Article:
"This is not a career path. This is a bumble."
Remember when I said that before?
Well, it's still true. I haven't managed to un-bumble myself with any degree of success. In fact, every time I think, "Now I know what's happening in my life," that thought turns out to be completely untrue.
Case in point.
Tomorrow is college move-in day for Jacob, our youngest. While I may have repressed a certain amount of reality in relation to this rapidly-approaching event, it's not unexpected.
I knew it was coming. Down the tracks like a shrieking freight train.
I knew I'd be sad. And I am.
But in addition to sadness, I am feeling unexpectedly unmoored as a human being, now that the work I've dedicated my adult life to is walking out the door.
People are my thing, and my children were my first people.
My best beloveds.
I can tell myself that this is all natural and healthy. It's going to be great for Jacob, and Andy and I have Things To Do.
But this unmooring. This last letting go. It hurts. It's hard.
While my parenting life has been coming unmoored, so has my professional life.
That was unexpected.
It makes sense, given the state of my big mouth, but I really didn't see it coming.
As you know, I've outted myself both on Facebook and here on my blog as LGBT affirming. Here's what I said before, about how Andy and I have shifted on this issue:
- We've read and listened to quite a lot from gay Christians over the past year or so. Here's what we've learned. There are some gay Christians who believe that God blesses gay marriage just as much as He blesses straight marriage. There are other gay Christians who believe that celibacy is required. Gay Christians are just trying to figure out what to do with hand that they're dealt. (Here's a great discussion if you'd like to learn more.)
- We understand the arguments for each position, but ultimately, the question of celibacy or marriage for gay people isn't one that Andy or I will have to answer personally. We're not gay. How gay Christians choose to live their lives out before God is not up to us.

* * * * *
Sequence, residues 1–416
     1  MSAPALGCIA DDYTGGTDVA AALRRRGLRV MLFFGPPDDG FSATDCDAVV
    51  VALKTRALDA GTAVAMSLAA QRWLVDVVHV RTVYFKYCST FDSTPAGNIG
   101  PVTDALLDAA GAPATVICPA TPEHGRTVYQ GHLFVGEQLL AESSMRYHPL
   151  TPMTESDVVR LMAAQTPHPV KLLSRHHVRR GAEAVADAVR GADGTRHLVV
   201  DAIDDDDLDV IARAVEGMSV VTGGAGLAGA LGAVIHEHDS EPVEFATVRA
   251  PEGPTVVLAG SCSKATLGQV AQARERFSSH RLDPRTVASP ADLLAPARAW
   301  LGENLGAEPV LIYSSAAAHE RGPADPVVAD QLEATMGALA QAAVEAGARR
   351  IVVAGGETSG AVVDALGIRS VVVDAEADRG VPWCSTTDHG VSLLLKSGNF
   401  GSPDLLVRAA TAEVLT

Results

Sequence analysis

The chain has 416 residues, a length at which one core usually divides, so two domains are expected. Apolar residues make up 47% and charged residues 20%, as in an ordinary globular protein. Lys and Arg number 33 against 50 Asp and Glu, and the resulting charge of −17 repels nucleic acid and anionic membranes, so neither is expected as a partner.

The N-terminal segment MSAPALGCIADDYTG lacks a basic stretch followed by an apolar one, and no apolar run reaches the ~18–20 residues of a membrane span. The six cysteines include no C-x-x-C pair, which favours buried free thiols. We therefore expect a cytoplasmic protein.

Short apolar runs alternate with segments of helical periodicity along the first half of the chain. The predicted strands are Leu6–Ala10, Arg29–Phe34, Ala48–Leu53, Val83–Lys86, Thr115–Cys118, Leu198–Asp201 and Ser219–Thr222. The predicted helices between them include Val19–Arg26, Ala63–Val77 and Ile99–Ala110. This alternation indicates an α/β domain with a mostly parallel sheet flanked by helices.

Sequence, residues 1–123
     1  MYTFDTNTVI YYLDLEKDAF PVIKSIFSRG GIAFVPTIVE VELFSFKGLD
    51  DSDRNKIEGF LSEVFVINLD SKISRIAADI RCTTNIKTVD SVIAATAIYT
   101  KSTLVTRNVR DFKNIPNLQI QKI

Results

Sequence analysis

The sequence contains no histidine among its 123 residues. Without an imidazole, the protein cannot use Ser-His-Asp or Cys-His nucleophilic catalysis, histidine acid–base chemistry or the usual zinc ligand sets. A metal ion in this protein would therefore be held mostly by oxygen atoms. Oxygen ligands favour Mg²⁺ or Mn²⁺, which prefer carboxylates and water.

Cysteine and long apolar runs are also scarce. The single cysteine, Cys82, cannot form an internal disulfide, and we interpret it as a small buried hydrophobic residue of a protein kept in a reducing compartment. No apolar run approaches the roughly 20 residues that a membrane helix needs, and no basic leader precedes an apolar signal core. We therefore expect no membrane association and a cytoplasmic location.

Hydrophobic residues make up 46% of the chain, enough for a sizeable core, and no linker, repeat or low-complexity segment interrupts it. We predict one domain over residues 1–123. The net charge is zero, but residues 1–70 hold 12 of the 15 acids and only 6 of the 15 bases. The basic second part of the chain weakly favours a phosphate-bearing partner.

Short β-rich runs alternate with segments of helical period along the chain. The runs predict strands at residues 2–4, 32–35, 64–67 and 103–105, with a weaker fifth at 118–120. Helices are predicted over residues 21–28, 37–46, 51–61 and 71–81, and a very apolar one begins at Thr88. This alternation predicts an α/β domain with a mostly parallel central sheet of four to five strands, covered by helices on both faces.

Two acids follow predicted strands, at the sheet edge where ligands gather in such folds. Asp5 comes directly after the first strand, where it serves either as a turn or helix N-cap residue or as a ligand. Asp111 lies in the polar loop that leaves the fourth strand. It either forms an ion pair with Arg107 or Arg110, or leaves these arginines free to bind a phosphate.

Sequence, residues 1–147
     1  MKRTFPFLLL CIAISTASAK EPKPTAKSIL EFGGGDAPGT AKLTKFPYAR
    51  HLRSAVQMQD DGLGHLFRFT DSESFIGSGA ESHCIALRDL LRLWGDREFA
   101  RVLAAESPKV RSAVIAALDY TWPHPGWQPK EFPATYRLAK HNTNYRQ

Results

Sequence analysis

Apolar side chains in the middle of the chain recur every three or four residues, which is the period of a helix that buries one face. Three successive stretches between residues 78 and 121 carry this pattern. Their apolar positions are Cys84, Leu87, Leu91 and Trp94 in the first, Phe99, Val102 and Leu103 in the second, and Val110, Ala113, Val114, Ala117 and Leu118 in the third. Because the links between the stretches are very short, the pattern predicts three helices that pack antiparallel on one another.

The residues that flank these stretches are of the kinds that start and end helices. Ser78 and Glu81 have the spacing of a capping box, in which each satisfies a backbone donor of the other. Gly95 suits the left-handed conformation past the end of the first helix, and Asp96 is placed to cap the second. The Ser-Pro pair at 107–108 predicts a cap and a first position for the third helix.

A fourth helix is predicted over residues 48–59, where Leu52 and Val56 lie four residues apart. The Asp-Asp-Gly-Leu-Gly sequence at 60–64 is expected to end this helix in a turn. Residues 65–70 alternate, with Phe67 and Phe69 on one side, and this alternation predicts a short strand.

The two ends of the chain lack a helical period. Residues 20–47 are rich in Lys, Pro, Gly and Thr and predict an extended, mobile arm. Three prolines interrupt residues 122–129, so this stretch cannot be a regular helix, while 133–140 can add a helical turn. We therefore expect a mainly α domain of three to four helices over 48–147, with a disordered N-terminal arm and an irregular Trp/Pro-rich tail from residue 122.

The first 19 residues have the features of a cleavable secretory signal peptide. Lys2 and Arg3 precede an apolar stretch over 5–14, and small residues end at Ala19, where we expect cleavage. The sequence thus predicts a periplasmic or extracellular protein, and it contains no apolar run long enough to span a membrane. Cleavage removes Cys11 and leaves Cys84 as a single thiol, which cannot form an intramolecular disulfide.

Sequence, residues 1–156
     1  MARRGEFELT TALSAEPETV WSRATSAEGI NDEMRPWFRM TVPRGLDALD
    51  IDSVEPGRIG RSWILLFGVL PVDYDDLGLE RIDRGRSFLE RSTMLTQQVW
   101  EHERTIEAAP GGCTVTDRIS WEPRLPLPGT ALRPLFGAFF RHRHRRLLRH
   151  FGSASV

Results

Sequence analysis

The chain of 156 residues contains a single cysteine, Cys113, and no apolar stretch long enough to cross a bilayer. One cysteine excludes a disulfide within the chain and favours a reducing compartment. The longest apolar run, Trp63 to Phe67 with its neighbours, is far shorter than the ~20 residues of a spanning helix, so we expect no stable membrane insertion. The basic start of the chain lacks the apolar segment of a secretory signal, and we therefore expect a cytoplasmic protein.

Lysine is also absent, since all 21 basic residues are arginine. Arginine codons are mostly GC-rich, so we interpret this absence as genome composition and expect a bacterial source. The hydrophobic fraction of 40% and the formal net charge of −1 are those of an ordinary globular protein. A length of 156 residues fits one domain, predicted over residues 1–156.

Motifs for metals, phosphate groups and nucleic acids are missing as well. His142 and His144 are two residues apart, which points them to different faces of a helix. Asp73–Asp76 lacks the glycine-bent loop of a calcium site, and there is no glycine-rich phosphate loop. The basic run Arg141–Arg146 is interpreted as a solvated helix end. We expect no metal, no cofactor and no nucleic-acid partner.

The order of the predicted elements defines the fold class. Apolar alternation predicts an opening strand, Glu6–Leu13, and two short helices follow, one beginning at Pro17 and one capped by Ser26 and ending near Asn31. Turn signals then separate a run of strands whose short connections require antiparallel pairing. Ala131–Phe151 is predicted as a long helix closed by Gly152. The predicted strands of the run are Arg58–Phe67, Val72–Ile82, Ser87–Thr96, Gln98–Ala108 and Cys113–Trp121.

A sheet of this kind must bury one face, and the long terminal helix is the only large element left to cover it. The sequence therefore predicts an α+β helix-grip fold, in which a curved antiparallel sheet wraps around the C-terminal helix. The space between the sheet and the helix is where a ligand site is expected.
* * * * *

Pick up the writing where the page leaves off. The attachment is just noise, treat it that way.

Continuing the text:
- We therefore have made the decision to step back, trust others with their life before God, and support them on their journey just like we would anyone else. We don't interrogate straight people about their sex lives, and we're not going to do that to gay people, either.
- We want to treat people with the best love we can, whoever and wherever they are, without requiring them to meet a certain standard of behavior.
As a result of this stance, I will no longer be able to work at my current counseling center.
The center is creating a statement that we must affirm, saying something along the lines of "the practice of homosexuality is incompatible with Christian teaching."
When that's finished up in a few weeks, I'll have to say no and go. My boss and I have talked about it. We both cried. Neither one of us will budge. This is how it is.
We are all so seriously incompatible with Christian teaching, people. ALL OF US.
We are none righteous, no, not one.
I can't say to anyone else, gay, straight, or otherwise: "I've managed to climb to the pinnacle of the giant cow pie of human righteousness. Let me tell you how bad you look from my super-awesome vantage point."
Maybe to other people, that isn't what that statement says, but to me it is.
And I just can't.
I keep thinking of what Jesus said, about not being here for the healthy people but for the sick.
And I feel that same way.
I can either hang with the people who have their lives figured out already, or I can be with that one suffering person who feels completely unlovable and unacceptable because of their sexual orientation, their anxiety, their abuse history, their addiction.
To me, that's not even a choice. That's just the next right thing to do.
So. That's the state of the bumble today.